The end of daylight saving time next month will create a more dangerous evening commute as people find it harder to see on the streets, New York City officials say.
The earlier sunset and darkness have been linked to an increase in the number of pedestrians killed or seriously injured by vehicles, according to an analysis by the city’s Department of Transportation of data from 2010 to 2014, the most recent years available.
In the latest instance, a 58-year-old woman was fatally struck by a Metropolitan Transportation Authority bus on Friday evening as she walked in Lower Manhattan. The bus driver was arrested and charged with failure to yield to a pedestrian, according to the police.
As a result, the administration of Mayor Bill de Blasio will announce on Thursday a new $1.5 million “dusk and darkness” safety campaign that will include radio and television advertisements, signs on buses, and billboards to warn drivers as well as pedestrians to be more careful, especially at that time of day. In addition, the police will target drivers during those hours who speed, fail to yield to pedestrians, text on cellphones or block bike lanes.
The campaign is part of the city’s Vision Zero plan, a set of proposals that aims to eliminate fatalities and injuries caused by vehicles. This year, as of Monday, there have been 192 traffic fatalities, 114 of which involved pedestrians — the rest involved people in cars, bicyclists and people on motorcycles. In contrast, there were 177 traffic fatalities during the same period last year, of which 96 involved pedestrians.
It is the first time that the city has adjusted traffic policy based on time and seasonal changes, though in the past, it has stepped up traffic enforcement at the beginning of the school year or during the winter holidays.
Nationally, a similar pattern has emerged, according to Michael Flannagan, an associate research professor at the University of Michigan, who has studied traffic safety nationally. “You do see a big jump in pedestrian fatalities and injuries in the evenings in the fall when the change back to standard time makes the evenings suddenly darker,” he said.
Dr. Flannagan added, however, that the increase was not caused by a disruption of sleep from the time change, but instead “simply because it was dark” and it becomes harder for drivers to see pedestrians. Conversely, in the spring, when the transition to daylight saving time makes the evenings suddenly lighter, there is a corresponding decrease in pedestrian fatalities and injuries nationally, he said.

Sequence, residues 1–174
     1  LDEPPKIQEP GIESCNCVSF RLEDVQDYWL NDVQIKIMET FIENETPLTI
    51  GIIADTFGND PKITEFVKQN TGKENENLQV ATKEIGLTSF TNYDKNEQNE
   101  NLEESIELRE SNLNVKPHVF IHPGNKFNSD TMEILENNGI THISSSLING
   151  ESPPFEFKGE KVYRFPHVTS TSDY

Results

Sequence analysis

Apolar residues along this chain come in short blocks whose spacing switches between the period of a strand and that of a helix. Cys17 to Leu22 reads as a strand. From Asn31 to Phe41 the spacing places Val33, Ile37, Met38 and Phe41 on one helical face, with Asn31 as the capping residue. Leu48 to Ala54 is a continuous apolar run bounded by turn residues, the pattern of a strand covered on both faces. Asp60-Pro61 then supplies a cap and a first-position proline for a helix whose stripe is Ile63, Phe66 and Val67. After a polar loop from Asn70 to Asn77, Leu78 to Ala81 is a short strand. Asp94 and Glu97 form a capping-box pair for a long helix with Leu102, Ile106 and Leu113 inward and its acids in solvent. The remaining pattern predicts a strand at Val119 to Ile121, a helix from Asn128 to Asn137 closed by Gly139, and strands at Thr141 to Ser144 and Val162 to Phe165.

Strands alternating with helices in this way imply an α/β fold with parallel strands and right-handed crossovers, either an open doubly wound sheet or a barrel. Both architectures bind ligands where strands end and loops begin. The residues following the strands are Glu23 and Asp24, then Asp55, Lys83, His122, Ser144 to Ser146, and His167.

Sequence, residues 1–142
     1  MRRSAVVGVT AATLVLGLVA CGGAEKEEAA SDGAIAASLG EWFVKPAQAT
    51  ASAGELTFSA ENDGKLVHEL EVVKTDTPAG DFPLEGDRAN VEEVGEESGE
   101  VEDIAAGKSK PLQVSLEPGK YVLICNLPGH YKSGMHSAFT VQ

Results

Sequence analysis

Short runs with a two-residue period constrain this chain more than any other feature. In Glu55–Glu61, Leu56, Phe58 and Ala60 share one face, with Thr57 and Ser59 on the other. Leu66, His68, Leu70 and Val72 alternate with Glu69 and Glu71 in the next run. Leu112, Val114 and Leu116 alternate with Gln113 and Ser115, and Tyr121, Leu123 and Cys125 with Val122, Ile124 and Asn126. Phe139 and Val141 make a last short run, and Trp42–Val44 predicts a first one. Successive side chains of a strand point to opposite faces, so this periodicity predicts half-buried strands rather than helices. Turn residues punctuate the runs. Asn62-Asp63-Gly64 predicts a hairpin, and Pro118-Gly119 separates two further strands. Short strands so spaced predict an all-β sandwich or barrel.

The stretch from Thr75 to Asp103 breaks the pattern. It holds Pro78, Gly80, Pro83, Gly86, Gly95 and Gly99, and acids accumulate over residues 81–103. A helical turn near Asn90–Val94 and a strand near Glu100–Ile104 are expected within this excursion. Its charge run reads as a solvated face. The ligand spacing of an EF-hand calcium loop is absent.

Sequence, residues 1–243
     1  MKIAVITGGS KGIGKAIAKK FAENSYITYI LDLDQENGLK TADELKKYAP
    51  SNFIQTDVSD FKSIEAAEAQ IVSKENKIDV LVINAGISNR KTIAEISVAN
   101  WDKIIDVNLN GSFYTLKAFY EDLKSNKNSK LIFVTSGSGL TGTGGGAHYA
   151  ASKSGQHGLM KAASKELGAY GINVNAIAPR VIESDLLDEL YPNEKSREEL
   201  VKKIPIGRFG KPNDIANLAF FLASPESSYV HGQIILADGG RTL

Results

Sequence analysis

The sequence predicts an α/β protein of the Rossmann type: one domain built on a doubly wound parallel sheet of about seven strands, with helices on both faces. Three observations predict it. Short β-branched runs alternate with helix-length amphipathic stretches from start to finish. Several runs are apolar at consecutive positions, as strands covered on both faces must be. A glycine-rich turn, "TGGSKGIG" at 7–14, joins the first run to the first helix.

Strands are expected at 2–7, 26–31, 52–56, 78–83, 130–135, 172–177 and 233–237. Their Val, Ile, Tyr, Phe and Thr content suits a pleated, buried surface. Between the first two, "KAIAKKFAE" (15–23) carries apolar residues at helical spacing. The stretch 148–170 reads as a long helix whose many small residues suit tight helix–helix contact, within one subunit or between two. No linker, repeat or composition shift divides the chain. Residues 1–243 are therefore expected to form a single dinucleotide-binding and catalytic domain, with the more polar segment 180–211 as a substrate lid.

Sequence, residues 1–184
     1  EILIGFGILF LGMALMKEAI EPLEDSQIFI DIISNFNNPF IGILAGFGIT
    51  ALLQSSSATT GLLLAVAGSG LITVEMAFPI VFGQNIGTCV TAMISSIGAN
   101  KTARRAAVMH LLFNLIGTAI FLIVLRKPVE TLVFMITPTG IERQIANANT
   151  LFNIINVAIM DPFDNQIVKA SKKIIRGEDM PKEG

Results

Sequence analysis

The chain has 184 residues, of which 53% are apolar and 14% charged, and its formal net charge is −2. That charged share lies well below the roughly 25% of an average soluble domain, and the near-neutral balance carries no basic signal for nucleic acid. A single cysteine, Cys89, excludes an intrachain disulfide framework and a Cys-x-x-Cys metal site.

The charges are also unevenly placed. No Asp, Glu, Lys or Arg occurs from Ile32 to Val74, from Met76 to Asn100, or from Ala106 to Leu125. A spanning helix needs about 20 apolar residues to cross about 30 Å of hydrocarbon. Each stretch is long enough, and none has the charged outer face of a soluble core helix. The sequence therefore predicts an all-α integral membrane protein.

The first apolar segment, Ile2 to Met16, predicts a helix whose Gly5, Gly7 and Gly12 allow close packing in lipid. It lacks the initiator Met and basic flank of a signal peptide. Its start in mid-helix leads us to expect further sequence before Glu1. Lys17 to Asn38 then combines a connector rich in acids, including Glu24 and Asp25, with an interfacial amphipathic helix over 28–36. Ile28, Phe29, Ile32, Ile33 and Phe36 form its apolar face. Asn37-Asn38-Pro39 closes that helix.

The city’s traffic analysis showed that between 6 p.m. and 7 p.m. during the week — the prime commuting time — the weekday hourly average rate of severe injuries and fatalities involving pedestrians rose to 2.44 in mid-December, or nearly triple the average rate of 0.84 in August.
“It’s certainly much more dangerous at dusk both for pedestrians and motorists,” said Dr. Daniel M. Laby, the director of the Sports and Performance Vision Center at the State University of New York College of Optometry.
Dr. Laby added that even people with normal eyesight could not see as well at dusk because the human eye does not adapt well to decreasing light. Vision becomes less sharp, with less contrast and depth perception. In addition, he said, there is typically more glare from uneven lighting as the sun sets, and more visual distractions compared with nighttime, when headlights help to focus attention.
“You put this all together,” Dr. Laby said. “It almost makes you not want to go home at night. It’s risky.”
Amy Cohen, 51, a social worker in Park Slope, Brooklyn, said that, sadly, she was only too aware of the dangers on city streets at dusk. Her son, Sammy Eckstein, 12, was fatally struck by a van not long after 5 p.m. in October 2013 while retrieving a ball that had rolled into the street.
Ms. Cohen, who helped found the advocacy group Families for Safe Streets, said that while she supported the new campaign, the city also needed to take more steps to permanently redesign streets and slow traffic, such as widening sidewalks, increasing the crossing time at traffic lights, narrowing driving lanes and installing traffic cameras that record speeding vehicles. “Education is a good start but much more needs to be done,” she said.
The city’s traffic analysis found that dusk and evening crashes were often the result of drivers trying to make turns. In particular, there was a surge in severe injuries and fatalities from November to March, according to the analysis.
“Through education and enforcement with our sister agencies, every driver needs to learn about the limited visibility of this season and the dangers of fast turns, especially in the evening hours,” said Polly Trottenberg, the city’s transportation commissioner.
Ms. Trottenberg said the problem was underscored last year by a rash of nine pedestrian fatalities — three of which occurred during daylight hours — in the eight days after daylight saving time ended on Nov. 1. In total, there were 138 pedestrian fatalities in 2015, the lowest number since 1910.
As part of the new safety campaign, city officials will seek to publicize the dangers of dusk and darkness through radio ads that are timed to run during the evening commute, and cards that will be handed out urging drivers to slow down, especially when turning, and to “look closely” since “more pedestrians are hurt in crashes around sunset than any other time.” Pedestrians are also reminded to watch for turning cars.
In addition, the city is specifically contacting people at senior centers, and taxi and livery drivers.
Source: NYT (October 26, 2016)